Wi-Fi Alliance® Announces Certification Program for 802.11ac

June 21, 2013, 9:17 am

Wi-Fi Alliance Logo

802.11ac is a draft standard for Wi-Fi® operation developed by the IEEE Standards Association. It is a superset of 802.11n and, more importantly, is interoperable with 802.11n and previous standards.

802.11ac was developed to meet the need for higher Wi-Fi throughput. According to an Ixia white paper, video content is expected to reach more than 70% of global traffic by 2017. With Wi-Fi handling more and more video, mobile device data syncing, and data backup, Wi-Fi needs higher throughput than what is available currently with 802.11n.

802.11ac achieves this by enabling higher data rates, higher capacity, and lower latency. This improves performance in many applications (such as streaming HD video) due to its wider channels and enhanced beamforming capabilities.

According to an article for PC World, IEEE isn’t expected to finish the work for this new standard until November 2013, with final ratification in February 2014. Since many vendors are already launching products based on the draft 802.11ac standard, however, the Wi-Fi Alliance is launching the 802.11ac certification program.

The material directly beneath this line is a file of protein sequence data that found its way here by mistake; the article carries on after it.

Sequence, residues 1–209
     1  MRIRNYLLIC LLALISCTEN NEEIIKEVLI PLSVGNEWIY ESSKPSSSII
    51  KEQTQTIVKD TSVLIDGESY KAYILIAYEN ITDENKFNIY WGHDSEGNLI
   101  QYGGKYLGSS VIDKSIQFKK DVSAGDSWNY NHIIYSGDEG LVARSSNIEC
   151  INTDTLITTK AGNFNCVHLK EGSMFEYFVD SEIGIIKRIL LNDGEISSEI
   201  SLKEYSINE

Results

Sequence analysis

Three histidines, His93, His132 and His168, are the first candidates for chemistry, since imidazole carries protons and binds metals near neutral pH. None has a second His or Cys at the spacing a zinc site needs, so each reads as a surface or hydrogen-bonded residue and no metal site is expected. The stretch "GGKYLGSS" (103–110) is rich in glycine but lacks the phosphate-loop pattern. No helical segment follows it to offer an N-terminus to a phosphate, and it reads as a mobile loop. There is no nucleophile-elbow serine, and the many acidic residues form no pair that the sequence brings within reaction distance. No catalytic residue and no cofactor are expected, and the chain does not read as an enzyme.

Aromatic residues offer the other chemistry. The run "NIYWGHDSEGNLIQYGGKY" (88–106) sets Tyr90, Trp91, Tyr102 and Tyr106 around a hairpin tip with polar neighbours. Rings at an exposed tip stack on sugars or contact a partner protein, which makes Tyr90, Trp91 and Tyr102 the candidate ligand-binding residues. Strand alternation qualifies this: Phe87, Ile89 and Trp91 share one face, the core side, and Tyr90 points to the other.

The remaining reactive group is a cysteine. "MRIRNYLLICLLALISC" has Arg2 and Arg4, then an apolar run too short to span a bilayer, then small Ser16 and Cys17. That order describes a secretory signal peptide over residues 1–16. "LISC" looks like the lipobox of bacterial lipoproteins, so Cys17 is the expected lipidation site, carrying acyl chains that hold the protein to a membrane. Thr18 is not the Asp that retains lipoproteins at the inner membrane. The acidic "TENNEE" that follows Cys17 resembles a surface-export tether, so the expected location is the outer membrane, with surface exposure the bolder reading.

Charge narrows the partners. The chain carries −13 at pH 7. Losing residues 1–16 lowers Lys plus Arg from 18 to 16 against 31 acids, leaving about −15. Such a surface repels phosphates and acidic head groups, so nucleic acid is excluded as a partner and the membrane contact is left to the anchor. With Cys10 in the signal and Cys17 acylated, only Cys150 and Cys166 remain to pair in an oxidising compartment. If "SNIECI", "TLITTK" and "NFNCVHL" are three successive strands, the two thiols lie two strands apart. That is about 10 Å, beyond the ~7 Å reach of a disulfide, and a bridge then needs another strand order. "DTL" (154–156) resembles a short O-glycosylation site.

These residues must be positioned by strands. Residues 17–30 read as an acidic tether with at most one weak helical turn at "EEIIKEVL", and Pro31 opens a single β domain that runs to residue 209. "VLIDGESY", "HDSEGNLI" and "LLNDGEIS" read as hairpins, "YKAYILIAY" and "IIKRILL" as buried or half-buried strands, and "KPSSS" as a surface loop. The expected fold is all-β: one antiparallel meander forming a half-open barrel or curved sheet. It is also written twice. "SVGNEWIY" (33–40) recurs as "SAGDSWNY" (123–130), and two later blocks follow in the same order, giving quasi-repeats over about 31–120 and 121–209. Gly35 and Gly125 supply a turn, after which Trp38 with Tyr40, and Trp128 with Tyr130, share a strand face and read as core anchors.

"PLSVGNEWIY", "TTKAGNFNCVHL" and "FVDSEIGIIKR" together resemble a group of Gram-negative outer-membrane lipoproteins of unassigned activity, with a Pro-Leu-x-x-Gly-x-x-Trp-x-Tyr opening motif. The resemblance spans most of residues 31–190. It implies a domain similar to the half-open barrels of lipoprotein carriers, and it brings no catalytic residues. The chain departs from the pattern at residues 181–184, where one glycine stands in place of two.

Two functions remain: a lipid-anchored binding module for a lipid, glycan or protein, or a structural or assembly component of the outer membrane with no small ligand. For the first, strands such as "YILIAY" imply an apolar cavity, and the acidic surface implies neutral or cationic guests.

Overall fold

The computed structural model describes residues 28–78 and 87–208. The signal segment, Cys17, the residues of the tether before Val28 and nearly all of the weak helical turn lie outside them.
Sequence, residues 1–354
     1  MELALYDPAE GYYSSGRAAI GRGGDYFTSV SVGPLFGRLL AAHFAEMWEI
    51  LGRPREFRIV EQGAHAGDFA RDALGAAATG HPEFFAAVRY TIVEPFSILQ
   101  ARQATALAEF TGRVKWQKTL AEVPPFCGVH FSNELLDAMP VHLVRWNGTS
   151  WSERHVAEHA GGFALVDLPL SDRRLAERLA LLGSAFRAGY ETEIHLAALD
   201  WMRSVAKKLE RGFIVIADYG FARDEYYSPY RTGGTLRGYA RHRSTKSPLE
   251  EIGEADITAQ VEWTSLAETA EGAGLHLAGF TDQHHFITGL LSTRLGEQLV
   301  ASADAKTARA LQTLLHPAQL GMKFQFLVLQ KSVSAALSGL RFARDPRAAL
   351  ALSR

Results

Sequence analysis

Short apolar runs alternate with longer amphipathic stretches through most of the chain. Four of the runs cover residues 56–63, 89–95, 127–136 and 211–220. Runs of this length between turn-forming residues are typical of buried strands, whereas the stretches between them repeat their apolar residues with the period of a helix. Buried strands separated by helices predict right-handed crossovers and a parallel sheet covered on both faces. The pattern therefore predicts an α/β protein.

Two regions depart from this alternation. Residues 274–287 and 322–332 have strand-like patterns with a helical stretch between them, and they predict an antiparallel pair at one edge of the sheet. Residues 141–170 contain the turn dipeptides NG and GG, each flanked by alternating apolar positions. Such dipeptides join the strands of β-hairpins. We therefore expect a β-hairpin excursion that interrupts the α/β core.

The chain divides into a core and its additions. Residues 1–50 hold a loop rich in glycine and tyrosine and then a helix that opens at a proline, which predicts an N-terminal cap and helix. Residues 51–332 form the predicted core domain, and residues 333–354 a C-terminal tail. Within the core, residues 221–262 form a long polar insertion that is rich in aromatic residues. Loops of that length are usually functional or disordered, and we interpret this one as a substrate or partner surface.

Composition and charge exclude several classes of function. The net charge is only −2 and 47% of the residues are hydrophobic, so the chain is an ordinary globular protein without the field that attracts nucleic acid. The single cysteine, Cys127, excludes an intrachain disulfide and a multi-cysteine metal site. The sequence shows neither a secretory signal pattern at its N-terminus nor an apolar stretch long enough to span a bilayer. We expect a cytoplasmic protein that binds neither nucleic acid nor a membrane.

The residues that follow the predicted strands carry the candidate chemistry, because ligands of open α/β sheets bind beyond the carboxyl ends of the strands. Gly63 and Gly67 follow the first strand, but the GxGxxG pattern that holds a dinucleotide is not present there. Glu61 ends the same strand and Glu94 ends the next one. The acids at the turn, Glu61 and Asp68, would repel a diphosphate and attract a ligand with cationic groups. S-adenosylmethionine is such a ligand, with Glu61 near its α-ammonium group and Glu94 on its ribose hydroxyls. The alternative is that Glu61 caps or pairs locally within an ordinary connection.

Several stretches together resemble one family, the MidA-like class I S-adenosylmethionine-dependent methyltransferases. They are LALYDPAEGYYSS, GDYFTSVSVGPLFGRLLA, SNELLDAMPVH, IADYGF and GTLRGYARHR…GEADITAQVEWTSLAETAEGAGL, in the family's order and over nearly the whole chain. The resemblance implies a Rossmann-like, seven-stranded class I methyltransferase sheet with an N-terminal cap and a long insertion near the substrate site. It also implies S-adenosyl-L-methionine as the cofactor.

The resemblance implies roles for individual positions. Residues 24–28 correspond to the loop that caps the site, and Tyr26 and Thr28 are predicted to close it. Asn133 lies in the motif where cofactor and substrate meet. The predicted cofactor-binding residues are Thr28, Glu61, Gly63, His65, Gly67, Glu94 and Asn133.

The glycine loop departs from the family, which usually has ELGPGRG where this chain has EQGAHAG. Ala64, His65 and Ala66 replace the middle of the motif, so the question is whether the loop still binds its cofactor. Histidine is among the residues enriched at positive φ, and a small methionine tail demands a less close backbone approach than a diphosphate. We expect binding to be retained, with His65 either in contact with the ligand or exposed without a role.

The Alliance recently announced that it is expanding its Wi-Fi CERTIFIED™ program to include 802.11ac. As with Wi-Fi CERTIFIED programs for previous standards (like 802.11b and 802.11n), the Wi-Fi CERTIFIED ac program will focus on the interoperability of client devices from one vendor to another.

The certification program is open to any type of Wi-Fi equipment, which tests for specification compliance, minimum performance requirements, interoperability across vendors, and backwards compatibility.

802.11ac will drive more Wi-Fi traffic from the 2.4 GHz band to the 5 GHz band, which today is relatively uncluttered. As mentioned in the previous Laird blog post, "802.11ac and Wi-Fi® Client Devices," client devices that use streaming video, such as smartphones and tablets, will be the first in line for 802.11ac support.  But initial 802.11ac support on many of these client devices may prove disappointing.

One reason is that, because of its support for channels as wide as 160 MHz, 802.11ac will be available only in the 5 GHz band.  Today, the Wi-Fi radios in the vast majority of smartphones, tablets, and other consumer devices operate only in the 2.4 GHz band.  As detailed in our white papers, 5 GHz operation is very different than 2.4 GHz operation, and most device makers have little experience with 5 GHz operation.  Initial implementations may be buggy.

To learn more about the Wi-Fi Certified ac program launch, visit www.wi-ficertifiedac.com.